What do you read? What are you reading at the moment? What was your favourite book as a child?
I’m a total bookworm and I currently have a pile of around 30 books teetering beside my bed. I have recently finished The Outrun – by Amy Liptrot which I absolutely adored. Also I Found My Tribe – by Ruth Fitzmaurice which made me weep ugly tears but also feel joy and a sense of survival through the odds, and The Salt Path – by Raynor Win which was such a beautiful book. All three came about as they all touch on wild swimming in some way, and I have enjoyed them all. I am also partial to a good thriller and some classics, Wuthering Heights is probably my all time favourite book.
As a child I loved Enid Blyton’s Famous Five, and also the Willard Price stories about adventure. I pretty much read everything in my local library, I have always been a devourer of books.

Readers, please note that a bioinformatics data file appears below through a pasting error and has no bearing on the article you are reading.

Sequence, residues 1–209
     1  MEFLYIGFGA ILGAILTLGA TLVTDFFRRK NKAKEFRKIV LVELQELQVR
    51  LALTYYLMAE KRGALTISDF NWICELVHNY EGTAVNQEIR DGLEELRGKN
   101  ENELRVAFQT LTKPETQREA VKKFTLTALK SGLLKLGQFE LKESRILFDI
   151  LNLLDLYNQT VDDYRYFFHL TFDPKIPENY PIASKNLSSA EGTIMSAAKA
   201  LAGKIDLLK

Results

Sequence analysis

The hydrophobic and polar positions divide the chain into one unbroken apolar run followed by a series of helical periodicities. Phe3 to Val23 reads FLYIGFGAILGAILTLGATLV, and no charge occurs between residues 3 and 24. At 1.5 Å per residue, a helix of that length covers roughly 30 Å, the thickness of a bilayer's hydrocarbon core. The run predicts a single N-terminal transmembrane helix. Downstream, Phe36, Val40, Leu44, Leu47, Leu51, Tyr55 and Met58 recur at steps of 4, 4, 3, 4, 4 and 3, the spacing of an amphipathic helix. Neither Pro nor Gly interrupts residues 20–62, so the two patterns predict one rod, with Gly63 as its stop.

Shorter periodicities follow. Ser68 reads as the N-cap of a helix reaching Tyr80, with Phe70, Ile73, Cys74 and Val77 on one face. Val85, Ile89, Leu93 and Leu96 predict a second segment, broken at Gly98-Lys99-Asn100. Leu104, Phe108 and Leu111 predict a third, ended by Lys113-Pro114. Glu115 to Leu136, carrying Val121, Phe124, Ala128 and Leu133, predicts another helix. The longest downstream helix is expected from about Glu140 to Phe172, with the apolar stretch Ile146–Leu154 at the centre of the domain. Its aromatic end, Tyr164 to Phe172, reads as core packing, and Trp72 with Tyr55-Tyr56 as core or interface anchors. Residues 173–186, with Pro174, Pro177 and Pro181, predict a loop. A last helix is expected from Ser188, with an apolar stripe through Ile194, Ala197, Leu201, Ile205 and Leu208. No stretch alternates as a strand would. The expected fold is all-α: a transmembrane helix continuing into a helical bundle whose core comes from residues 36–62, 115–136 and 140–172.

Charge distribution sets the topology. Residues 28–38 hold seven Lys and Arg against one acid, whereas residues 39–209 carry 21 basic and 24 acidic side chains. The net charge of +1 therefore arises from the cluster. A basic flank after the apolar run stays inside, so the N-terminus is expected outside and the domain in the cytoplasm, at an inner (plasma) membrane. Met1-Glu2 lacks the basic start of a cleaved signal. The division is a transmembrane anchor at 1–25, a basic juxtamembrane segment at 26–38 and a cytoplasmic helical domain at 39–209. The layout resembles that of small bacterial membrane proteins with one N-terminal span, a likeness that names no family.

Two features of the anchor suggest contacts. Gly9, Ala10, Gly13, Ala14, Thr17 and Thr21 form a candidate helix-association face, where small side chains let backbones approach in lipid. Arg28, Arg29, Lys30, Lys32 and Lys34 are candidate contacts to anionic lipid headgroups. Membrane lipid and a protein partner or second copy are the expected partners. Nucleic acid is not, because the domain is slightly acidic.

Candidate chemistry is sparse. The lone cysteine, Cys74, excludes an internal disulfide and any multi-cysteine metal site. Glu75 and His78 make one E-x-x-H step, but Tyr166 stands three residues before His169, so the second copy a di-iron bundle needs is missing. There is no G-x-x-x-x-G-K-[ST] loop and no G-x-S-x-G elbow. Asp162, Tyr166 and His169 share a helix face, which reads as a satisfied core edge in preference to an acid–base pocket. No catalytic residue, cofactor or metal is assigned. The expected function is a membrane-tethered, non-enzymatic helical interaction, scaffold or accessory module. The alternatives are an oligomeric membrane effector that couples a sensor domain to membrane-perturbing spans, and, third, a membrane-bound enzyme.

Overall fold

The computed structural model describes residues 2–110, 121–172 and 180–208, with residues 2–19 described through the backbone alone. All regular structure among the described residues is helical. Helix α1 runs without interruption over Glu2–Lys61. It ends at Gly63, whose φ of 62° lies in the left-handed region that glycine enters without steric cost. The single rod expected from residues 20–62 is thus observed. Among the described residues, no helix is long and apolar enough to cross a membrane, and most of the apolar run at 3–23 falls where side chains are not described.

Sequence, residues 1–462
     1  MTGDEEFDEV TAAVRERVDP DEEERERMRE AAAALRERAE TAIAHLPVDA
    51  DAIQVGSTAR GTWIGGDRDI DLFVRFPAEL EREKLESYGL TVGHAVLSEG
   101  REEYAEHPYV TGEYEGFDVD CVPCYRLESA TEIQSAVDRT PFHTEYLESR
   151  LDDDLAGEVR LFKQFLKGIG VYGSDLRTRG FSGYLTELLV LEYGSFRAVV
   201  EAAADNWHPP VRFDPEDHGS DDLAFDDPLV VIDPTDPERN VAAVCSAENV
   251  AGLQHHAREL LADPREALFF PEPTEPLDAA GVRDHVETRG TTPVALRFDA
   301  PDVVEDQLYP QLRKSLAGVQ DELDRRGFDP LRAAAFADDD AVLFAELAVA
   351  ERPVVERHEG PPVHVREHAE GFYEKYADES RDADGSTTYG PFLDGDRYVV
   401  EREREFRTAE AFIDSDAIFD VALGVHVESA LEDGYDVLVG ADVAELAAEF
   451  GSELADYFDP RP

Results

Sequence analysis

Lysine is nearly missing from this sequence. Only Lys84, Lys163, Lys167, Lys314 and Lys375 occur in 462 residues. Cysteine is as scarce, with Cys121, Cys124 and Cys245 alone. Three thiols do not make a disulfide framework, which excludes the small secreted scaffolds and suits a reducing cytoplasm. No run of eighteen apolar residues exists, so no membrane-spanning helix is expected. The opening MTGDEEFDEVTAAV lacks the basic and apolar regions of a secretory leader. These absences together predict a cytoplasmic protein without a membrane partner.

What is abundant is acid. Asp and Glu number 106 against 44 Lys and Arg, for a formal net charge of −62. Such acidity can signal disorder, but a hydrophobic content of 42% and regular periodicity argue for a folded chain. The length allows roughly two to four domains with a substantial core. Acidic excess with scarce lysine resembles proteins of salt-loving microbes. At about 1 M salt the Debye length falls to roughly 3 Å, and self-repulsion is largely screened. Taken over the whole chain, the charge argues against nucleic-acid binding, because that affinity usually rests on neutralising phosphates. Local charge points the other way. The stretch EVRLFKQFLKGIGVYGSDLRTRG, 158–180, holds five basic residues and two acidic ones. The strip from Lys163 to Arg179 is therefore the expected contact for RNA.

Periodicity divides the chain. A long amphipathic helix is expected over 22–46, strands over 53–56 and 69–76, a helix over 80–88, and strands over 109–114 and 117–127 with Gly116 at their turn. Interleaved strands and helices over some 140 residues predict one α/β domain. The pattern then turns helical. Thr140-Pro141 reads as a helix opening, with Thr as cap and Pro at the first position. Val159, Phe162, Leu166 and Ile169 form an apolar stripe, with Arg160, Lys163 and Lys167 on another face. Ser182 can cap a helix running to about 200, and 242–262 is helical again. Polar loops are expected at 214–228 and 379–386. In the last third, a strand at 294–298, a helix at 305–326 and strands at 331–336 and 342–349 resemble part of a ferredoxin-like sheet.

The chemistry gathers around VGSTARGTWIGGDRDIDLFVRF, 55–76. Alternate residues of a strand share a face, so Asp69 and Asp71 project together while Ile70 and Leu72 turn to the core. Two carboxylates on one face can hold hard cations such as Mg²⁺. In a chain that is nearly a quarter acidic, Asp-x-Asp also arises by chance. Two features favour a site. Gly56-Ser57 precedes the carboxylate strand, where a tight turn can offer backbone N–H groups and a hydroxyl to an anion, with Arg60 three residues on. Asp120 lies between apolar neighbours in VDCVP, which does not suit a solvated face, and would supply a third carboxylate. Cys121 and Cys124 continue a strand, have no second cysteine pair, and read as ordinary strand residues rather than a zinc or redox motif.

The impact of swimming on mental health seems profound – do you think it will ever take a place in the formal management of mental health?
We have seen in Scotland that GP’s beginning to prescribe nature as a cure for mental health, and we think wild swimming/cold water swimming will start to filter through and become part of this. We know that being outdoors in nature is great for our mental and physical wellbeing and there has been a few medical papers about the impact cold water swimming specifically can be helpful for depression and post operative pain relief. The cold water has an amazing anti inflammatory effect which can be helpful in many pain related conditions, but also on our mental health. I would like to think that as these medical research papers continue to take place that eventually it can be seen as a viable alternative, or complement to anti depressants and pain relief.